Three Ways to Allow Hotlinking in Specific Directories

.htaccess made easy

After implementing any of the hotlink-prevention techniques described in our previous article, you may find it necessary to disable hotlink-protection for a specific directory. By default, htaccess rules apply to the directory in which it is located, as well as all subdirectories contained therein. There are (at least) three ways to enable selective hotlinking:

Place hotlink images in an alternate directory

This method works great if your hotlink-protection rules are located in a directory other than the site root. Simply create another directory outside of the directory containing the htaccess rules and place your hotlink-allowed images into that directory.

Create a pseudo-rewrite rule for the target directory

If your images are located within the influence of your hotlink-protection rules, and you need to enable hotlinking for a specific directory, it is possible to circumvent the anti-hotlink rewriting for that directory. In the htaccess file for the target directory, add the following, pseudo-rewrite rules:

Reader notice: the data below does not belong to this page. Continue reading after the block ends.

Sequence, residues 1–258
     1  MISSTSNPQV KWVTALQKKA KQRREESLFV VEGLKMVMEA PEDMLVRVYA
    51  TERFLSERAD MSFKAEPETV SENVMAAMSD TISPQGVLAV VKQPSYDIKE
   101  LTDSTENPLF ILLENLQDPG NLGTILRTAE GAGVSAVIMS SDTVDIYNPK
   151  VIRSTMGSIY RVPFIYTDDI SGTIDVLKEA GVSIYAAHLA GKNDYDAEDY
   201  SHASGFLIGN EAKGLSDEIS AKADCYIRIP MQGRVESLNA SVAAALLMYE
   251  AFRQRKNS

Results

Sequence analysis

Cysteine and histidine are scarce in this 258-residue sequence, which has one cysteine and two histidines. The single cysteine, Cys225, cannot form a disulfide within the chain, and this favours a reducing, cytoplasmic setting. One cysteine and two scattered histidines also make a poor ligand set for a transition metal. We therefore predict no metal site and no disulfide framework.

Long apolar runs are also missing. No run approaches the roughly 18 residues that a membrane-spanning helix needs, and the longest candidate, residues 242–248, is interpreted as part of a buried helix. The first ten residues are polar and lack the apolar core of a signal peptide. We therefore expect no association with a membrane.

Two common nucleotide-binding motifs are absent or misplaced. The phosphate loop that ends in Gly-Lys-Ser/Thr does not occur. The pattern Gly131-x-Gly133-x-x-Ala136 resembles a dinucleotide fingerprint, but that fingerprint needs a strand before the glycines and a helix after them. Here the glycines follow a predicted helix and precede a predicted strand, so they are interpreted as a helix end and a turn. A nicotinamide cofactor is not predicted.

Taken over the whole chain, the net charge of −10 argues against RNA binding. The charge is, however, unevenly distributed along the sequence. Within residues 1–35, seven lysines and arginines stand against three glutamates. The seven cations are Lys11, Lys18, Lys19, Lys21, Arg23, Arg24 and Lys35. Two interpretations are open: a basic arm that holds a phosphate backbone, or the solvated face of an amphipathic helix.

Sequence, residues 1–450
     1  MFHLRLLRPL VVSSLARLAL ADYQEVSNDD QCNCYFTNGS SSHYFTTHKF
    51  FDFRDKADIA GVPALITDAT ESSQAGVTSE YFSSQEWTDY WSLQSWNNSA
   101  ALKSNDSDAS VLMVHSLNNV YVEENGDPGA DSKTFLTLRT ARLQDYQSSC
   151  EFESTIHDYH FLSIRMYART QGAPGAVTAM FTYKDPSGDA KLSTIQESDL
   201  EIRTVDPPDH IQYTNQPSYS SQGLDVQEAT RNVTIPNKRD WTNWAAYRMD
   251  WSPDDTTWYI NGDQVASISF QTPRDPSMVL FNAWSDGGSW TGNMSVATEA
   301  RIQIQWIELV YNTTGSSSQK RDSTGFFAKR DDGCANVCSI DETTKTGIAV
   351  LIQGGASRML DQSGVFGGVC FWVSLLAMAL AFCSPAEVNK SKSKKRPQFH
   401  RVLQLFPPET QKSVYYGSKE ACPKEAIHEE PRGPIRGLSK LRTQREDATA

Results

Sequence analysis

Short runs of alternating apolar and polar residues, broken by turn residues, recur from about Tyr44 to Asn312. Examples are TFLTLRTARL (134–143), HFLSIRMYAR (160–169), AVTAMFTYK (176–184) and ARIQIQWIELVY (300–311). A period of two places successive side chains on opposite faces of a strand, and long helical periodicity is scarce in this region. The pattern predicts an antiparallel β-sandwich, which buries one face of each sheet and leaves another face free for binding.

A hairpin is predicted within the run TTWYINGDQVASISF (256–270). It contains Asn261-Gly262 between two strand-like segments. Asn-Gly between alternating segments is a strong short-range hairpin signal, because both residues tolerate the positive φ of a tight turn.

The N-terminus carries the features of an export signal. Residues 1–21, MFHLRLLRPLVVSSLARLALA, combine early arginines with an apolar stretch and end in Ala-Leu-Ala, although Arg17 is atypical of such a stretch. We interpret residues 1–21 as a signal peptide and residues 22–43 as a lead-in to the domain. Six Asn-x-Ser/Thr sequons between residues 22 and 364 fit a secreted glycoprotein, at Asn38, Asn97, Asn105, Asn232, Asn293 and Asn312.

# disable hotlink protection
RewriteEngine on
RewriteRule ^.*$ -

Turn off the rewrite engine in the target directory

Ahh, the joys of simplicity. If neither of the previous methods seem appealing to you, perhaps the simple elegance of this effective method will inspire you: turn off the rewrite engine in the directory that houses your hotlink images. That’s it. Simply add the following line to your target directory’s htaccess file and enjoy immediate results:

# disable hotlink protection
RewriteEngine off

Any one of these methods works fine, but disabling the RewriteEngine in the target directory is by far the most elegant solution.

What about enabling hotlink-protection in a specific directory? Read on, my friend..

Selectively protect files in a specific directory

Protecting the contents of a specific directory (as opposed to all directories) requires a simple addition to any of the anti-hotlinking measures presented in our previous article. If, say, you wanted to protect all files located in a directory called “private,” you would modify the RewriteRule as follows:

# protect all content in private directory and return a forbidden error
RewriteRule protected/(.*)$ - [F,NC,L]

..or, alternatively:

# protect all content in private directory and return a nasty image
RewriteRule protected/(.*)$ http://domain.tld/hotlink.jpg [R,NC,L]

In other words, prepend the name of the target directory to the list of protected file types, which in this example is all files, as represented by the wildcard expression ((.*)).